Delhi’s pollution hotspots: Nothing idyllic about North Campus | delhi news | Hindustan Times
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Delhi’s pollution hotspots: Nothing idyllic about North Campus

Part 5: In smog-wrapped premises brimming with vehicles, students say they try to spend as little time outside as possible to escape pollutants

delhi Updated: Jan 12, 2018 10:13 IST
Sweta Goswami
Vehicular population, especially that of two wheelers, in North Campus has increased exponentially over the past few years.
Vehicular population, especially that of two wheelers, in North Campus has increased exponentially over the past few years. (Sanchit Khanna/HT PHOTO)

Winter mornings in Delhi University’s North Campus is contrary to the perception many would have about a university campus. Instead of the lush green gardens for students, the smog clad area is marked by endless honking and traffic jams. Rather than enjoying the walk to their colleges, students try to spend minimum time outdoors.

“Have you seen the smog? Who would want to walk in such conditions and inhale all the pollution,” said Suchita, who goes by her first name and is pursuing Masters in Education in DU. While Suchita, a resident of Jamshedpur, goes to her college from Vishwavidyalaya Metro station in an e-rickshaw, there are students, mostly Delhiites, who zoom into college gates riding snazzy two-wheelers.

This season, pollution levels in North Campus have hovered between very poor and severe categories making it an unusual suspect among the usual hotspots like Anand Vihar and RK Puram.

On January 2, the concentration of pollutant PM 10 in North Campus shot up to 629 micrograms per cubic metre which is over six times the prescribed level. Over the past one week, the lowest it saw was 250 mg/m3 which was recorded on December 29. With toxicity in the air increasing over the years, DU’s department of community medicines initiated a study on the impact of pollution on those living in the area and suffering from respiratory ailments.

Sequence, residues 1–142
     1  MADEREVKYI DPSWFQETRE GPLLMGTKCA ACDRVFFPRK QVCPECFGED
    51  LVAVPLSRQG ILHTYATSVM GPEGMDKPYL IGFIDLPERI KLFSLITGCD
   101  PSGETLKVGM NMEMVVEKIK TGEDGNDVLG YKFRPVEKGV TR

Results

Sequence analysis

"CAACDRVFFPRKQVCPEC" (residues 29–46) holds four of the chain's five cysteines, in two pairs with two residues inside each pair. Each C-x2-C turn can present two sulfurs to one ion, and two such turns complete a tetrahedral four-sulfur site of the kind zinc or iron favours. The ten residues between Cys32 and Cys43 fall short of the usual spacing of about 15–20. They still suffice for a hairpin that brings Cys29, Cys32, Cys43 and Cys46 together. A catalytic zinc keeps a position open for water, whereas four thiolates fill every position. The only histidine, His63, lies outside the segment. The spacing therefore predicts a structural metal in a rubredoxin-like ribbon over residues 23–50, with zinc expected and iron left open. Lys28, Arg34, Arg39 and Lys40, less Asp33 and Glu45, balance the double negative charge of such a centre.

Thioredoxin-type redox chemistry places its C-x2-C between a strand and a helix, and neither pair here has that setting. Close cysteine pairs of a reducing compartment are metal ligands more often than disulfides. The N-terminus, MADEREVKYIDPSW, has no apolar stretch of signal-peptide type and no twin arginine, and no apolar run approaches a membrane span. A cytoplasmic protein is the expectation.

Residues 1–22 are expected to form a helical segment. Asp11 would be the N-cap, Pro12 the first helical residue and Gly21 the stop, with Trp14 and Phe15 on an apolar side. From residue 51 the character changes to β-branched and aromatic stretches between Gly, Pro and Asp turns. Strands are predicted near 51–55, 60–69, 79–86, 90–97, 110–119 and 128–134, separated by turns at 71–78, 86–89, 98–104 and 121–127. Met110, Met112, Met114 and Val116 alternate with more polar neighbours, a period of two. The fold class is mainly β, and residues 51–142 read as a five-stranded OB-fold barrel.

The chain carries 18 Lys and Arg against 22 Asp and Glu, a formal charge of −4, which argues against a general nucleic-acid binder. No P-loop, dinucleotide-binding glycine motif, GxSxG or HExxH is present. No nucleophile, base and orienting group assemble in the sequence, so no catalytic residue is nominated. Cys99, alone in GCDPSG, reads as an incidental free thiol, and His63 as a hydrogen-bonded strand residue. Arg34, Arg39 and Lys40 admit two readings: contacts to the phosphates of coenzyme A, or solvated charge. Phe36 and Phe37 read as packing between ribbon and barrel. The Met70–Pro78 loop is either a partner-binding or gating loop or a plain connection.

“The study revealed that during periods when levels of particulate matter was high, the number of bronchial asthma attacks in patients increased by 1.5 to two times,” said Dr Arun Sharma, Professor and head of the Department of Community Medicines in DU. But, what are the factors that make DU the new pollution hotspot of Delhi? After visiting the campus and its adjoining areas, and speaking to experts, HT narrowed down on five sources that are polluting the area.

Centre of learning now a pollution zone
With emission from vehicles and industries as well as dust from construction sites, North Campus has emerged as a pollution hotspot
CAUSES OF POLLUTION
Traffic : The number of vehicles has grown exponentially. With no restrictions on traffic, even students like to zoom into college gates using snazzy two-wheelers
Construction : Work is on at Mukarba Chowk nearby leading to accumulation of dust and particulate matter. A number of houses in nearby areas also undergo expansion round the year, leading to dust and accumulation of malba that is not disposed properly
Location : Wazirpur industrial area, Azadpur Mandi, ISBT and Ring Road are high-emission areas close to the campus

Too many vehicles and an open campus